BACKGROUND This study further develops Goldstein et al.'s (2013) analysis of the fertility response to the Great Recession in western economies. OBJECTIVE The purpose of this paper is to shed light on the fertility reaction to different indicators of the crisis. Beyond the structural labor market conditions, I investigate the dependence of fertility rates on economic policy uncertainty, government financial risk, and consumer confidence. METHODS Following Goldstein et al. (2013), I use log-log models to assess the elasticity of age-, parity-, and education-specific fertility rates to an array of indicators. Besides the inclusion of a wider set of explanatory variables, I include more recent data (2000-2013) and I enlarge the sample to 31 European countries plus the United States. RESULTS Fertility response to unemployment in some age-and parity-specific groups has been, in more recent years, larger than estimated by Goldstein et al. (2013). Female unemployment has also been significantly reducing fertility rates. Among uncertainty measures, the drop in consumer confidence is strongly related to fertility decline and in Southern European countries the fertility response to sovereign debt risk is comparable to that of unemployment. Economic policy uncertainty is negatively related to TFR even when controlling for unemployment. CONCLUSIONS Theoretical and empirical investigation is needed to develop more tailored measures of economic and financial insecurity and their impact on birth rates.

Comolli C (2017). The fertility response to the Great Recession in Europe and the United States: Structural economic conditions and perceived economic uncertainty. DEMOGRAPHIC RESEARCH, 36, 1549-1600 [10.4054/DemRes.2017.36.51].

The fertility response to the Great Recession in Europe and the United States: Structural economic conditions and perceived economic uncertainty

Comolli C
2017

Abstract

BACKGROUND This study further develops Goldstein et al.'s (2013) analysis of the fertility response to the Great Recession in western economies. OBJECTIVE The purpose of this paper is to shed light on the fertility reaction to different indicators of the crisis. Beyond the structural labor market conditions, I investigate the dependence of fertility rates on economic policy uncertainty, government financial risk, and consumer confidence. METHODS Following Goldstein et al. (2013), I use log-log models to assess the elasticity of age-, parity-, and education-specific fertility rates to an array of indicators. Besides the inclusion of a wider set of explanatory variables, I include more recent data (2000-2013) and I enlarge the sample to 31 European countries plus the United States. RESULTS Fertility response to unemployment in some age-and parity-specific groups has been, in more recent years, larger than estimated by Goldstein et al. (2013). Female unemployment has also been significantly reducing fertility rates. Among uncertainty measures, the drop in consumer confidence is strongly related to fertility decline and in Southern European countries the fertility response to sovereign debt risk is comparable to that of unemployment. Economic policy uncertainty is negatively related to TFR even when controlling for unemployment. CONCLUSIONS Theoretical and empirical investigation is needed to develop more tailored measures of economic and financial insecurity and their impact on birth rates.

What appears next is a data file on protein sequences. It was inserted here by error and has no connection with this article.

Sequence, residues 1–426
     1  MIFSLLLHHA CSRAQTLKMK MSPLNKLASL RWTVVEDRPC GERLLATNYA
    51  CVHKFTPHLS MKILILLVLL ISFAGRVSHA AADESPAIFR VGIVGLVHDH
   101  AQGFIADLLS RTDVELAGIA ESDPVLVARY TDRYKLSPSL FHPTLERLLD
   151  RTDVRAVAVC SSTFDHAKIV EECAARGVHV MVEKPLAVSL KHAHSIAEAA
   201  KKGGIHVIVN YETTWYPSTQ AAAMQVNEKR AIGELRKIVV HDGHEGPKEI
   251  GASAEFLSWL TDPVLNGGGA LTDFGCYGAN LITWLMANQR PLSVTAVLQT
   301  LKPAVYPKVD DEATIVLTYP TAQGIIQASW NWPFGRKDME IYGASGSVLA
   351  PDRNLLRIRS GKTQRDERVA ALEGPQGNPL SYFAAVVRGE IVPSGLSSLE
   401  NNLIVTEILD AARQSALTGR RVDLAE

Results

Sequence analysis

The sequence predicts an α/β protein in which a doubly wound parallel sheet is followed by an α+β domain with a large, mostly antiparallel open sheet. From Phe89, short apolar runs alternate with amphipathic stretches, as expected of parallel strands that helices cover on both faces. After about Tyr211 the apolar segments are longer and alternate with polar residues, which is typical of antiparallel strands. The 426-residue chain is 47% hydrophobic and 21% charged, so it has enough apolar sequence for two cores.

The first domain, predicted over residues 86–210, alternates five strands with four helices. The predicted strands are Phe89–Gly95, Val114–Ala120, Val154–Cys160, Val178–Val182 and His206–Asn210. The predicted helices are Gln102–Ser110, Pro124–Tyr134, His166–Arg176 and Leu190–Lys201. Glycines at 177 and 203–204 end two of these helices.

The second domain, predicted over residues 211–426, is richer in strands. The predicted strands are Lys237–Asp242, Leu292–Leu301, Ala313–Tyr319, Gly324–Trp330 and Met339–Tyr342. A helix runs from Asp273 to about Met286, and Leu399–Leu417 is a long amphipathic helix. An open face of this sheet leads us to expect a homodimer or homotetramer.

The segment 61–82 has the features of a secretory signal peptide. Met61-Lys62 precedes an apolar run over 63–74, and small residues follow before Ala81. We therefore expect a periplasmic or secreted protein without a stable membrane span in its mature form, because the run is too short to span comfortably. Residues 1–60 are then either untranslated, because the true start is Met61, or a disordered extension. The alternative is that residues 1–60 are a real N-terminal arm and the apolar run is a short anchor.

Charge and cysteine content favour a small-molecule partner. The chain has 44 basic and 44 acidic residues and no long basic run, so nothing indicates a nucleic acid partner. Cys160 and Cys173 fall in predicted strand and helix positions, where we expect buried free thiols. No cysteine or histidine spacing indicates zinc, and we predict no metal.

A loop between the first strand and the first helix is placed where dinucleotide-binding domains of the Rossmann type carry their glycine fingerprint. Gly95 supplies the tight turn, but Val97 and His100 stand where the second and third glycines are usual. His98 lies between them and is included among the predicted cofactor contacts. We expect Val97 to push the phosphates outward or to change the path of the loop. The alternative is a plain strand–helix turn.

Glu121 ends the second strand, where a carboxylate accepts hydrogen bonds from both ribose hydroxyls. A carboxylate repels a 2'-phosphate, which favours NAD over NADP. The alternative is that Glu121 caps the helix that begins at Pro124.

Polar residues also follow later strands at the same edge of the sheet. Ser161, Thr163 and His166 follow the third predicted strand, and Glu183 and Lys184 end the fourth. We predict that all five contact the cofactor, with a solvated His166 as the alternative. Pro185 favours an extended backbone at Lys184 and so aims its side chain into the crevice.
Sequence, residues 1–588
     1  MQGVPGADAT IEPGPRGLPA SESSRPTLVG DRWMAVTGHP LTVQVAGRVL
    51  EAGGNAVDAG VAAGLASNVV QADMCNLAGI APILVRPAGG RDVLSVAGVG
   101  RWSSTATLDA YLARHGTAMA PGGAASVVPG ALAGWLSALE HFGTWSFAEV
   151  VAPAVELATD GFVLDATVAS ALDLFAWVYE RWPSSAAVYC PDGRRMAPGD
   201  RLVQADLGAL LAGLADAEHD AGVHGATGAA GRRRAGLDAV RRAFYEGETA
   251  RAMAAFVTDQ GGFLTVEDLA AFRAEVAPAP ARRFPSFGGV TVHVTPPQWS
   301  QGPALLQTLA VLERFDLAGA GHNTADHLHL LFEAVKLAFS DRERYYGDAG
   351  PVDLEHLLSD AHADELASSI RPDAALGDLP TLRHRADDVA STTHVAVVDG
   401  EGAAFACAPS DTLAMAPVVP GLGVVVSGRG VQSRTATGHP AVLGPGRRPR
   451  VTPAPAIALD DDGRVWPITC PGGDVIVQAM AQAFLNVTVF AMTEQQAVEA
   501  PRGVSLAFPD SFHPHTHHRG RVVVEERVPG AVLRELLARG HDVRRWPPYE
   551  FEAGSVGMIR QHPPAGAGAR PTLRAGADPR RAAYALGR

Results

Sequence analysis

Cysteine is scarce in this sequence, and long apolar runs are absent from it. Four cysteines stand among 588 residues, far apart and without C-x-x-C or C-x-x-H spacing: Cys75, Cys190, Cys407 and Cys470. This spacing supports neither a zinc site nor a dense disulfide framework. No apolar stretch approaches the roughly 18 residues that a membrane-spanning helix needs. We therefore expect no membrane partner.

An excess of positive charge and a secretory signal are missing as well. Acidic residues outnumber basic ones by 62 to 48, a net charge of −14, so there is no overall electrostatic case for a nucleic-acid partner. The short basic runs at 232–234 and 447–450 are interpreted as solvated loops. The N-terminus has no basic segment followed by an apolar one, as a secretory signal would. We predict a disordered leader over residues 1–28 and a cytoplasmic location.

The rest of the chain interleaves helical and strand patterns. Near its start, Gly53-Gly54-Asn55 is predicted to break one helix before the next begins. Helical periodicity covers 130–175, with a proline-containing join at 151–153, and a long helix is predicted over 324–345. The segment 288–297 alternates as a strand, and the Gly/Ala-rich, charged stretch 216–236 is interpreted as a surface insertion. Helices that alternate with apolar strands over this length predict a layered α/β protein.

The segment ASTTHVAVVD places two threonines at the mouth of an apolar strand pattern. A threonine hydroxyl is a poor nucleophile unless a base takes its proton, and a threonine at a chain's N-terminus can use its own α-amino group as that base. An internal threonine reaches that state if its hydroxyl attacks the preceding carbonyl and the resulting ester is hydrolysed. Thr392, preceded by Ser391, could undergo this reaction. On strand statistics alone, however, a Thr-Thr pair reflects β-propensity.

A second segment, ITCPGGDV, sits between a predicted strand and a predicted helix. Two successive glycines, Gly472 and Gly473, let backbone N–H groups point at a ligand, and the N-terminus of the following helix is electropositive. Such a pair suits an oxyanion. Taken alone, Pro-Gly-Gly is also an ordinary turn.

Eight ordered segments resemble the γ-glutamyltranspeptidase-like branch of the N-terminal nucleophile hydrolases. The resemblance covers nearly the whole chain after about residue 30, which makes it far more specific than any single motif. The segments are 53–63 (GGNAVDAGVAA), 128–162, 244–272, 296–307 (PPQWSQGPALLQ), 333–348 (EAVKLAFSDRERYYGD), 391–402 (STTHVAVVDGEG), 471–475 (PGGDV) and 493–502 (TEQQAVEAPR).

2017
Comolli C (2017). The fertility response to the Great Recession in Europe and the United States: Structural economic conditions and perceived economic uncertainty. DEMOGRAPHIC RESEARCH, 36, 1549-1600 [10.4054/DemRes.2017.36.51].
Comolli C
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Utilizza questo identificativo per citare o creare un link a questo documento: https://hdl.handle.net/11585/849905
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